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Homeless People Have Higher Rates of HIV, Hepatitis C, and TB


Rates of HIV, hepatitis C, and tuberculosis (TB) vary considerably among homeless populations, but are significantly higher overall than those of people with stable housing, according to a study published in the August 20, 2012, advance online edition of Lancet Infectious Diseases.

Experts estimate that there are approximately 650,000 homeless people in the U.S. and perhaps 100 million worldwide, though accurate numbers are not available for many countries.

Ulla Beijer from the Karolinska Institute in Stockholm and colleagues performed a meta-analysis to determine the prevalence of 3 infectious diseases of public health significance -- HIV, hepatitis C virus (HCV), and TB -- among global homeless populations.

The researchers searched the PubMed, Embase, and Cumulative Index to Nursing and Allied Health Literature databases for relevant studies published between 1984 and 2012; they also searched bibliographic indices, scanned reference lists, and corresponded with study authors. They explored potential sources of heterogeneity (inconsistency) in the estimates and calculated prevalence ratios to compare estimates for homeless people compared with the general population.


  • 43 eligible studies were identified-- all but 4 from the U.S. or Europe -- with a total population of 63,812 homeless people; this was reduced to 59,736 after accounting for duplication due to overlapping study populations. 
  • Prevalence of HIV infection ranged from 0.3% to 21.1%.
  • Prevalence of hepatitis C ranged from 3.9% to 36.2%.
  • Prevalence of TB ranged from 0.2% to 7.7%.
  • There was substantial heterogeneity in prevalence estimates for all 3 infections.
  • Prevalence ratios for homeless people compared with the general population ranged from 1 to 77 for HIV, 4 to 70 for hepatitis C, and  34 to 452 for TB. 
  • In the U.S., homeless people had a 20-fold higher HIV prevalence, 4-fold higher HCV prevalence, and 46-fold higher TB prevalence compared with the general population.
  • Similar patterns were seen in most other countries with available data, including the U.K., France, Sweden, Brazil, and India; adequate information was not available for most low-income countries.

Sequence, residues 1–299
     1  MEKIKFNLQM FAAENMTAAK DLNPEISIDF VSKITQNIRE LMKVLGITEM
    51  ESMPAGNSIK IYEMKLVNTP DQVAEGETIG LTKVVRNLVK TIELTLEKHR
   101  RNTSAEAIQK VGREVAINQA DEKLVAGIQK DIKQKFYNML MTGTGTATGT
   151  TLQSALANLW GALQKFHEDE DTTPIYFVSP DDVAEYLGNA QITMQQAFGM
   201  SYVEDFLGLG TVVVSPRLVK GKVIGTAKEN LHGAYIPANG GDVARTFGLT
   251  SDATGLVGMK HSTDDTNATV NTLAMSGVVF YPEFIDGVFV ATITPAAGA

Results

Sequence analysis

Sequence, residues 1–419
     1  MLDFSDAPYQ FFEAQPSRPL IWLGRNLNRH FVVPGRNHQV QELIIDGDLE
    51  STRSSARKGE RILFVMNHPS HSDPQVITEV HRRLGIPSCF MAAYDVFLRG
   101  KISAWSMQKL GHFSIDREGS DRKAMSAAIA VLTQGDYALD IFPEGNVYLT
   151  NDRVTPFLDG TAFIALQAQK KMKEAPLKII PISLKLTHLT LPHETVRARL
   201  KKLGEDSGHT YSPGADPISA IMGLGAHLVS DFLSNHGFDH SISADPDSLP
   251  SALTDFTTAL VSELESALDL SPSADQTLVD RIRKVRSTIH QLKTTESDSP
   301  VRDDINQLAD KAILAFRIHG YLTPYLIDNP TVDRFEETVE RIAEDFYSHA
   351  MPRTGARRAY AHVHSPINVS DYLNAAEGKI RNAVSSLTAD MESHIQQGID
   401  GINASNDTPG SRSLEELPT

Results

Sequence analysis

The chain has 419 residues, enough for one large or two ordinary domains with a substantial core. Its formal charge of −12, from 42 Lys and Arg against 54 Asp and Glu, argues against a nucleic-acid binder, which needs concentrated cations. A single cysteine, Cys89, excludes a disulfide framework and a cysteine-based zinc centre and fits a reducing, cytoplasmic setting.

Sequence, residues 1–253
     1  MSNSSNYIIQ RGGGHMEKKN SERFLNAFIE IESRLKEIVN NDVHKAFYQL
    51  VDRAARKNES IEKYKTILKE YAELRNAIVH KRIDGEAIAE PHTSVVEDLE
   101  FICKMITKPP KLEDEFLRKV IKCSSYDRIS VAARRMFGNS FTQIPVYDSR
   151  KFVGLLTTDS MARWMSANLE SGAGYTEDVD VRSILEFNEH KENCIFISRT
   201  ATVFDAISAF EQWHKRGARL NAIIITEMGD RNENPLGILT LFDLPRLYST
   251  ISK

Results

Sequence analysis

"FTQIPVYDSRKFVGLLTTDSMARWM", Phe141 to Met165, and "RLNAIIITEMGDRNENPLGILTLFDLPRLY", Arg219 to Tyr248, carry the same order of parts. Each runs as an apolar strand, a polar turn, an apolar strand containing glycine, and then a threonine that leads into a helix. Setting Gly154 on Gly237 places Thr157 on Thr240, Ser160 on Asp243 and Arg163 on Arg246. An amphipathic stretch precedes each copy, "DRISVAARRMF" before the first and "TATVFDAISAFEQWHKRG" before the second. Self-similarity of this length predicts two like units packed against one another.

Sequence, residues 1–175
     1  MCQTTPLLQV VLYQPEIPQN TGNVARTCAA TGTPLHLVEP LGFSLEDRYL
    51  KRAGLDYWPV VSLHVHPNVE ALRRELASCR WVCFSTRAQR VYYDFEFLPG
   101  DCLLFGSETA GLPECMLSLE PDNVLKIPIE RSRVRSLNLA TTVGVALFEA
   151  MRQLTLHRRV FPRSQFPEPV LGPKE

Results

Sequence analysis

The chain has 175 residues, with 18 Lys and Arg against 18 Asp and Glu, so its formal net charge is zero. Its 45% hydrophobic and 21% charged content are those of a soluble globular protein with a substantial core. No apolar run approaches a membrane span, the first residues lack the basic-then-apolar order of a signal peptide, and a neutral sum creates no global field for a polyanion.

• TB prevalence was higher in studies that used chest X-rays compared with other diagnostic methods.
  • HIV prevalence among the homeless was lower in more recent studies and higher in the U.S. than in other countries included in the analysis.
  • Higher infection rates were associated with prolonged homelessness and malnutrition.

"Heterogeneity in prevalence estimates for tuberculosis, hepatitis C virus, and HIV suggests the need for local surveys to inform development of health services for homeless people," the study authors concluded. 

"The role of targeted and population-based measures in the reduction of risks of infectious diseases, premature mortality, and other adverse outcomes needs further examination," they added, suggesting that focusing on homeless people for detection and treatment could have a major impact on public health.

TB prevalence among the homeless was higher in countries with higher prevalence in the general population, but this was not the case for HIV or HCV, they explained in their discussion. "This result is potentially important from a public health perspective because it suggests that general population measures to reduce rates of hepatitis C virus and HIV infections might not translate into lower prevalences in homeless people," they wrote.

Although they could not identify enough studies to include in the meta-analysis, the authors noted that homeless people have also been found to have high rates hepatitis A and B, diphtheria, influenza, foot problems, and skin infections including scabies and lice.

They recommended that TB screening should involve "active case-finding," and not be restricted to symptomatic individuals accessing health services. Measures including syringe exchange programs and free condom distribution could help prevent HIV and hepatitis C.

In addition to these targeted measures, they added, "reduction of the inequalities faced by homeless people in overall social determinants of health could be part of a wider public health strategy to address infections in some countries."



U Beijer, A Wolf, and S Fazel. Prevalence of tuberculosis, hepatitis C virus, and HIV in homeless people: a systematic review and meta-analysis. Lancet Infectious Diseases. August 20, 2012 (Epub ahead of print).